In today’s society, terrorism has become a well known phenomenon.  It has however, existed for a long time, and the fear that terrorist groups may acquire nuclear devices has been debated since the 1970s.  With the recent surge of terrorism; and the rise of religious fundamentalism and the so-called ‘rogue’ state, this fear (Krieger, 1977: 46-7) has lead some to argue that deterrence and nuclear capability are useless against a stateless enemy (Rosenbaum, 1977: 140-41).  In the event of terrorists acquiring nuclear weapons the state centricity of deterrence, and the indiscriminate destructive nature of nuclear weapons does not allow for flexible options.  Terrorist groups are not states, thus the actions of terrorists (or ’nuclear terrorists’) would be different to the actions of governments.  Terrorists seek to destroy the ‘old’ order and establish a new one (Krieger, 1977: 45-6). Their interests are very different from that of politicians (Blair and Brewer, 1977: 390-92) as they do not have nations and economies to contend with nor do they need to worry about securing resources or defending territory.  Therefore, the existence of nuclear weapons is a double edged sword and the possibility of that power being used against its maker is very real.  Terrorism that is fuelled by ideology or (as we are now all familiar with) religion has become more apparent and is hard to anticipate, as these factors defy or even disregard the idea of rationality.  In the case of religious fundamentalism for example, death, of one’s colleagues or of one’s nation or even oneself, is not necessarily a defeat (the rise of the suicide bomber and ‘millenarianism’ (Kiras, 2007: 185)).  Arguably, a terrorist with a nuclear weapon is more dangerous than a state with a thousand nuclear weapons.  In further agreement with this point, is the fact that terrorist organisations are not bound to a static territory and are active internationally and independently (Rosenbaum, 1977: 140-41).  Thus the contact that terrorists groups have throughout the world, makes their attempts to acquire nuclear material that little bit easier.  If a terrorist group had a nuclear weapon, how would we stop them?  Deterrence would be useless, so would any retaliatory technology.  Paradoxically, nuclear weapons have created a role in international relations which is impossible to remove.  


Horizontal proliferation, the spread of nuclear weapons to other countries or non-state actors (Walton and Gray, 2007: 210), is seen as a negative by the current nuclear powers.  Once again, the role of nuclear weapons is embedded in the need to prevent their usage, especially by so-called ‘rogue’ states or others of dubious repute.  As has been discussed previously, Waltz supports the “gradual spread” of nuclear weapons as a means of security (1995:14).  Gerald Segal (1988: 32) calls this a “hair raising way of achieving security.”  As he points out, small countries with inadequate nuclear development but potent nuclear capability coupled with unstable governments or regimes are not exactly “reassuring” (Segal, 1988:32)  It is interesting to observe however, that discussions about which states have the right to own and develop nuclear weapons, further cements their role in international society.  It would seem that, if the goal was to remove the role of nuclear weapons in society, then more appropriate discussions should be directed towards either: a) to prevent the initiation (or continuation) of nuclear programmes (the US‘s current relationship with Iran for example), b) the reduction in the numbers of nuclear weapons, or c) complete disarmament.  It seem that countries, especially western states, are reluctant to come to conclusive decisions because having nuclear weapons gives them a voice in international discourse.  Not only this but their arguments are also hypocritical (Segal, 1988: 32-3).  They believe that proliferation is a dangerous occurrence that could see unfriendly countries becoming more capable.  But as both Waltz and Segal rightly point out (1995: 42-3; 1988: 33), states usually only want nuclear weapons as a means of security, and that a policy to end proliferation or the manufacture of nuclear weapons would inevitably fail.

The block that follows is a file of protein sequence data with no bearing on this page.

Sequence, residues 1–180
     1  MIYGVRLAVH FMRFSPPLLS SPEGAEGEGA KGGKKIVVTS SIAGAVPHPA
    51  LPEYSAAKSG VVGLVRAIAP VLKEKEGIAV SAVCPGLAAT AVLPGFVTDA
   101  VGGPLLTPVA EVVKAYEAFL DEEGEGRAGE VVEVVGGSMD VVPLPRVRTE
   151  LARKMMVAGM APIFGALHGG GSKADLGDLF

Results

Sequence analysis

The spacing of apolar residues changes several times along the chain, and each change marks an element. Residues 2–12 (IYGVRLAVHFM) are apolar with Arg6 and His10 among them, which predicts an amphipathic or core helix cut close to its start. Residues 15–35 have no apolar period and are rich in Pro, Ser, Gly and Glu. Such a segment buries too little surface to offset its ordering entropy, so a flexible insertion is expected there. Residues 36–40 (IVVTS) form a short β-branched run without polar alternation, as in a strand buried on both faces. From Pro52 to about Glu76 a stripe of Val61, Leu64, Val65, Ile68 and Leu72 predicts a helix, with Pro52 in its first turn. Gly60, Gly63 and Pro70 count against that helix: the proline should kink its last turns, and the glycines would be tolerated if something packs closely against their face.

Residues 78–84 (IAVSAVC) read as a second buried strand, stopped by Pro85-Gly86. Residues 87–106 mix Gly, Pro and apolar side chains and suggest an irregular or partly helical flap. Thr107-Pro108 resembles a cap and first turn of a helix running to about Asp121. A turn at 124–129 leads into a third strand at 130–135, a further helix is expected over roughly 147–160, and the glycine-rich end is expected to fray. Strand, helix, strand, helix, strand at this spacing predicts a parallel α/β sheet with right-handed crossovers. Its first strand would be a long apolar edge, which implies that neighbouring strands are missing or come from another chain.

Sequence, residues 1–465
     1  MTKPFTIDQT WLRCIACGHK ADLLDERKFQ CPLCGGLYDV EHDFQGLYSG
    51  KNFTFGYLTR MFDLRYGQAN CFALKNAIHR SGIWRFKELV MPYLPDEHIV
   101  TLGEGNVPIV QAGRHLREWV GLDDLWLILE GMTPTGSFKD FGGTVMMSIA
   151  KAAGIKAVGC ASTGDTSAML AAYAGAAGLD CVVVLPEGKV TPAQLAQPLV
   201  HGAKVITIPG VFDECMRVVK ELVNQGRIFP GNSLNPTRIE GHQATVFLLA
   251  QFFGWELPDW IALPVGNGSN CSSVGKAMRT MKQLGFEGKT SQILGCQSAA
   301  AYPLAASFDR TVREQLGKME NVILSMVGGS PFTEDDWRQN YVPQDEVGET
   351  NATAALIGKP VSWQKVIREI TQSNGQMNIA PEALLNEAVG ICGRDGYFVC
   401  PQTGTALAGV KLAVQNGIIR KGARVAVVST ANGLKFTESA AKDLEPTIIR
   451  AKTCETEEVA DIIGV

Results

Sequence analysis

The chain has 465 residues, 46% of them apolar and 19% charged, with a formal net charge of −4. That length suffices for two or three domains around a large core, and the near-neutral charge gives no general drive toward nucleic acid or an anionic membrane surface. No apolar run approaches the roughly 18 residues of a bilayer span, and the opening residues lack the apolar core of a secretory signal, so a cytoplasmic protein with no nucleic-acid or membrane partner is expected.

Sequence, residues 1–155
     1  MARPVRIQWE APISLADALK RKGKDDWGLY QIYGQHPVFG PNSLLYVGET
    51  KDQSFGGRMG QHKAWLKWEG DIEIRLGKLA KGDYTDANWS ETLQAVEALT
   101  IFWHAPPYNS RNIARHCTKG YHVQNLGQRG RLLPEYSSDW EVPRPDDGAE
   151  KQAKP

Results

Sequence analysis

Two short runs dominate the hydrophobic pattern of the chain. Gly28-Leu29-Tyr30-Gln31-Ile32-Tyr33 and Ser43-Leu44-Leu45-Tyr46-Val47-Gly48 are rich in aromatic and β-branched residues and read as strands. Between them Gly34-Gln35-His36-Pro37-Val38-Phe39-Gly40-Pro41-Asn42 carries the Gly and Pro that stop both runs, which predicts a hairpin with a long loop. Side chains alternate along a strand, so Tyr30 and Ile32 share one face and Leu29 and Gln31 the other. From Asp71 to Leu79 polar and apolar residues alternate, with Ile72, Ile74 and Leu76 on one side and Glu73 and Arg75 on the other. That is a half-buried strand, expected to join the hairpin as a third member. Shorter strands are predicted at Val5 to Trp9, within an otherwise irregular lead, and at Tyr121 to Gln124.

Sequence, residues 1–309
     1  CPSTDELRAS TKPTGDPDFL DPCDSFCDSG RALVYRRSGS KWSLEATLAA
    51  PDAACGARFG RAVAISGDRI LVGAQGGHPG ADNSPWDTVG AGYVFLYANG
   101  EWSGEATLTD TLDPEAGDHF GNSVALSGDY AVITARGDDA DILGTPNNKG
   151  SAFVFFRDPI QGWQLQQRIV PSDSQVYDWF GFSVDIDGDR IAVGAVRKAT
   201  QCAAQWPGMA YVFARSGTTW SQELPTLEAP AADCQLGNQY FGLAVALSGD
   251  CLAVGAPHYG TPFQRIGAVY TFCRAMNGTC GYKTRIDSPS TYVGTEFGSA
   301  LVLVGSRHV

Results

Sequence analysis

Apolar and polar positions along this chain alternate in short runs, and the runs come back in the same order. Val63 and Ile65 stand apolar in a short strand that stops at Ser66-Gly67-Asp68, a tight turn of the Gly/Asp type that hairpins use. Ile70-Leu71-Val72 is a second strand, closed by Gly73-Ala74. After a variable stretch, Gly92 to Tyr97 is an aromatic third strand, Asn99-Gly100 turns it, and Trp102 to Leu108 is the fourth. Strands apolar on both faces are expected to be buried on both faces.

In conclusion then, I have argued that the role of nuclear weapons in international relations is a complex one, riddled with contradiction and disagreement.  Deterrence, as a strategy, may be flawed.  It may or may not work, but the fact that the discussion continues, gives the existence and role of nuclear weapons legitimacy.  The compromising of MAD with the introduction of missile shields etc. is counter productive and actually increases the role of nuclear weapons in future foreign policy.  Terrorism, again, shows that these weapons will remain with us forever.  Fears of their use by terrorists means that new measures and strategies need to be formulated in order to combat them.  Proliferation, a complicated problem in its own right, gives nuclear weapons another strategic dimension.  Does proliferation increase security or does it increase risk?  The debate continues.

In my opinion we do not have much choice when it comes to nuclear weapons.  We have created for ourselves a situation in which it is impossible to escape.  Solutions such as disarmament or reduction in nuclear arms, are unrealistic as no state with sane leadership would ever put its own security at risk.  Leon Sigal (1984: 1) rightly referred to this as the “Faustian bargain”- an apt name for a power that has the potential to achieve great things, put one that could also lead to our own destruction. 


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Sigal, L. V. (1984) Nuclear Forces in Europe; Enduring Dilemmas, Present Prospects. The Brookings Institution: Washington, D. C.

Towle, P. (2005) ‘Cold War.’ In The Oxford History of Modern War, edited by Charles Townshend, pp.158-177. Oxford University Press: Oxford.

Walton, C. D., Gray, C. S. (2007) ‘The Second Nuclear Age: Nuclear Weapons in the Twenty-first Century.’ In Strategy in the Contemporary World, edited by John Baylis, James Writz, Colin . Gray and Eliot Cohen. Oxford University Press: Oxford.

Waltz, K. N. (1995) ‘More May be Better.’ In The Spread of Nuclear Weapons: A Debate, by Scott D. Sagan and Kenneth N. Waltz. W. W. Norton & Company:New York

Written by: Martin Taggart
Written at: Aberystwyth University
Written for: Dr R. Gerald Huges
Date written: April 2008